A four-year legal battle between the two “wives” of a wealthy South African businessman over his R20 million estate, has finally ended in victory for his first, and only legal, wife. Tania Broughton reports.
The ruling by the Supreme Court of Appeal (SCA) has come too late for Ephenia Broodie, who died last year. Her three adult children, however, will now inherit a building in Cape Town’s popular Seapoint area and benefit from the estimated R75 000 a month rental income.
Samuel and Ephenia married in community of property in 1967. They worked together to build up several successful businesses.
In 2001, Samuel bought the members interest in a close corporation through which he acquired the Seapoint building.
In affidavits, Ephenia said she became aware of a relationship between her husband and Mokgohu Martha Ledwaba in 1989 and found out that he had fathered two children with her in 1993.
She said he fell ill in 2013 and died in December 2016 when she discovered that he had “donated” 75% of his stake in the close corporation to Ledwaba and her children, without her consent or knowledge.
She made allegations of fraud, claiming her husband was not in his sound and sober senses when he did this, but these were not tested in court.
Ledwaba said when she became involved with Samuel, she knew he was married with children.
She only found out that it was a civil union, in community of property, (meaning her own customary marriage to him in 1988 was invalid) after the litigation began.
“He spoke of providing for me and the children. He wanted to provide for both families separately by giving them each different properties and businesses,” she said.
Ephania initially lost her case in the Western Cape High court, the judge there ruling that in terms of the Matrimonial Property Act, she had “deemed to have consented to the transfer”.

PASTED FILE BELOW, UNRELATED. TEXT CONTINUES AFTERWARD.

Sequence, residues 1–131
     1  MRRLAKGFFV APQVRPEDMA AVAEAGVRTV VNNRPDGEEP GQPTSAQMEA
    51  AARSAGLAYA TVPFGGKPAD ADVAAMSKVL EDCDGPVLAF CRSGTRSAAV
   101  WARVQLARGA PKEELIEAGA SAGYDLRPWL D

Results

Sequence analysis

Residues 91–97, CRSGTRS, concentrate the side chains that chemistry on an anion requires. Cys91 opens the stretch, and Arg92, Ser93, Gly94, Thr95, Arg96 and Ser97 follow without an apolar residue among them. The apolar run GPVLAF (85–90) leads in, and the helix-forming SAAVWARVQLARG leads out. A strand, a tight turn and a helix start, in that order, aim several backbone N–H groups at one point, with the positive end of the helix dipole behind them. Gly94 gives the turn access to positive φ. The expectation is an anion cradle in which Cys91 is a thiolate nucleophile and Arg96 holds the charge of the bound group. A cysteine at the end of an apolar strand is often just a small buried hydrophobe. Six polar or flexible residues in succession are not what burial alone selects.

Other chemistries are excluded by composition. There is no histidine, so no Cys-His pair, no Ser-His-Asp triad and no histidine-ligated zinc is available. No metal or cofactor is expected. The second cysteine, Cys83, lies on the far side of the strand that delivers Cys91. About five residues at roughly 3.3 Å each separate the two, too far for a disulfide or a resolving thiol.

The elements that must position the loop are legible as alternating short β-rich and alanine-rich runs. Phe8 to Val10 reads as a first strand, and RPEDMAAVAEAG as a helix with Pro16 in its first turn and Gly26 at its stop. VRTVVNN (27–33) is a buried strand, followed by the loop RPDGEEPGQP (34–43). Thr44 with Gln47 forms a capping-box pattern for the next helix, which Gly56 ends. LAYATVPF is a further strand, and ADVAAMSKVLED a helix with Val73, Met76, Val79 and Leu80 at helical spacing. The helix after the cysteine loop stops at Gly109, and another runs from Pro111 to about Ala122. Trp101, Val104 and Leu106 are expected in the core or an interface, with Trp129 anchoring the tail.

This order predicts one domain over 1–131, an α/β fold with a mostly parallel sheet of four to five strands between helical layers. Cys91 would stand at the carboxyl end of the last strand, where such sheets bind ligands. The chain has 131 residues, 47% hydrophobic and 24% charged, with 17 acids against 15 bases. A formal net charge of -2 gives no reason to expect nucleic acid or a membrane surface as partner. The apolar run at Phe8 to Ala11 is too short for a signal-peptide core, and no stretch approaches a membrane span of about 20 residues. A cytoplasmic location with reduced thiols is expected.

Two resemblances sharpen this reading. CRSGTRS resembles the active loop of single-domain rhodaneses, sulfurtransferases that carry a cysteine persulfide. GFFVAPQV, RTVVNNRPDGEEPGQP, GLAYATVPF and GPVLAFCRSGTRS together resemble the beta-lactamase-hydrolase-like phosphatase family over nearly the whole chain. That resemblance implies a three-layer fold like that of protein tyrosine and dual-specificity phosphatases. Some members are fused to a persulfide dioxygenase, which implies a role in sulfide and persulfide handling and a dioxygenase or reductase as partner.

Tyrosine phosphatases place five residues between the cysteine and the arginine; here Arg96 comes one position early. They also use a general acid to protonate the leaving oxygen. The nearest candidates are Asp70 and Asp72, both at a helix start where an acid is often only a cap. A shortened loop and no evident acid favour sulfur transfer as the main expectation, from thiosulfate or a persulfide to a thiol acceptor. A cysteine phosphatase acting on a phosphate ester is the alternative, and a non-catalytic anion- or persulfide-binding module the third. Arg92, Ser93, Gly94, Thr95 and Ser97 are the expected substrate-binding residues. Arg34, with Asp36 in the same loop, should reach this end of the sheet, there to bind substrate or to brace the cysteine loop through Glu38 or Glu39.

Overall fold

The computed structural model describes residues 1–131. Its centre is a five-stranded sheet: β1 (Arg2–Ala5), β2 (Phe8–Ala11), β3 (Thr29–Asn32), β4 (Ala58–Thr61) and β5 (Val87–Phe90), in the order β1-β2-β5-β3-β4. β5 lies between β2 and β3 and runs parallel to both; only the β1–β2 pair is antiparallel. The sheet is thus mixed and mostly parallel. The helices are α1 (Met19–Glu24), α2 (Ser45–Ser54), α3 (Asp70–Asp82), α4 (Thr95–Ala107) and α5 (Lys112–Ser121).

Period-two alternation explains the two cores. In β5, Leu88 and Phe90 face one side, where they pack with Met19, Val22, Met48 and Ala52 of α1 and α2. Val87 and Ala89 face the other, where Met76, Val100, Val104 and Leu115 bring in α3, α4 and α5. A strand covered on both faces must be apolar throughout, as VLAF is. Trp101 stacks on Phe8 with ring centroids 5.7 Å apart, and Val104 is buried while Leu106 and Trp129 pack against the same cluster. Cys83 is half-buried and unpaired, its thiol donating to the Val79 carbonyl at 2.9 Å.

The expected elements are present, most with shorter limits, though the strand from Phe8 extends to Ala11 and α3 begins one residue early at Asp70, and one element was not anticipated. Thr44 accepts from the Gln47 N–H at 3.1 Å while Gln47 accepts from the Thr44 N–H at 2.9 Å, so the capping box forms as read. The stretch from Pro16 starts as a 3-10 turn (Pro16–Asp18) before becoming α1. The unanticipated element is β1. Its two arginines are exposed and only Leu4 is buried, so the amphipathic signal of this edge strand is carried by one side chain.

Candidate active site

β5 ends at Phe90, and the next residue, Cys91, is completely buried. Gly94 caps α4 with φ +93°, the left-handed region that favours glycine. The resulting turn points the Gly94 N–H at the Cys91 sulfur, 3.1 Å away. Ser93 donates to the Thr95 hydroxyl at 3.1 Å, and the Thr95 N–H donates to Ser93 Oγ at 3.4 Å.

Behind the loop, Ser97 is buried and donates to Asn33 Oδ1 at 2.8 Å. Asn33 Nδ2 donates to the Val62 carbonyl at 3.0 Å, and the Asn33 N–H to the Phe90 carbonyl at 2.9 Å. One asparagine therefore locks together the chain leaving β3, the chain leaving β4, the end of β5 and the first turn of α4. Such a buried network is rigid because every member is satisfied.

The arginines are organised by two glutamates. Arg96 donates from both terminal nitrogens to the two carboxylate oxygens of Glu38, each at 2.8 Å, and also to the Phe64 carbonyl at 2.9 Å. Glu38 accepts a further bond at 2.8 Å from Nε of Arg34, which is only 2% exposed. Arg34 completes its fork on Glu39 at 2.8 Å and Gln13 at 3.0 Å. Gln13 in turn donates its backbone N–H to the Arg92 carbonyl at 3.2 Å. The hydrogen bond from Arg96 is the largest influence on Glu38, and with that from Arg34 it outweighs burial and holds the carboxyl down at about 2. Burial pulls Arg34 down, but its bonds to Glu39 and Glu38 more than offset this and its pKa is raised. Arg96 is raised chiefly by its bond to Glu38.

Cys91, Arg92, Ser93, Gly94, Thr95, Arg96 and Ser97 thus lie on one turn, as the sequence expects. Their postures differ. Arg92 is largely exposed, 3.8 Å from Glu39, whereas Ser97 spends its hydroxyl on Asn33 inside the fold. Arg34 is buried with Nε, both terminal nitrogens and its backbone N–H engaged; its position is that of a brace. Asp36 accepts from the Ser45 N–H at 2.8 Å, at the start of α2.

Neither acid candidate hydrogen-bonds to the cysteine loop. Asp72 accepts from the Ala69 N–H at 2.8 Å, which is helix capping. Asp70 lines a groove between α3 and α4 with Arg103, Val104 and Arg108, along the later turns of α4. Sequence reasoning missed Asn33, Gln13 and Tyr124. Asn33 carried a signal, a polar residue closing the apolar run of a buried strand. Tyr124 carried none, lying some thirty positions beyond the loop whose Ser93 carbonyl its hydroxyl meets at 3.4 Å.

But the appeal court has now said that decision was wrong and, in a precedent-setting judgment has ruled that third parties, who contract with those married in community of property, must undertake their own investigations to determine the legality, or otherwise.
Judge Clive Plasket said a spouse married in community of property could perform a juristic act in connection with the joint estate without the consent of another spouse. But, one of the exceptions was donations.
“There is a duty on third parties seeking to rely on deemed consent to make reasonable enquiries, to ascertain whether the person with whom he or she is dealing, is married and, if so, whether they have obtained whatever consent may be necessary.”
Judge Plasket said the donation was the “lion's share of the joint estate” and “was disproportionate and certainly prejudicial to the first family”.
“She (Ephenia) did not consent. She (Ledwaba) knew that he was married and had children.
“On her own version she does not get out of the starting blocks. She admits she knew that they were married but made no enquiries as to how they are married, and whether there was consent to the donation,” the judge said, setting aside the transfer.
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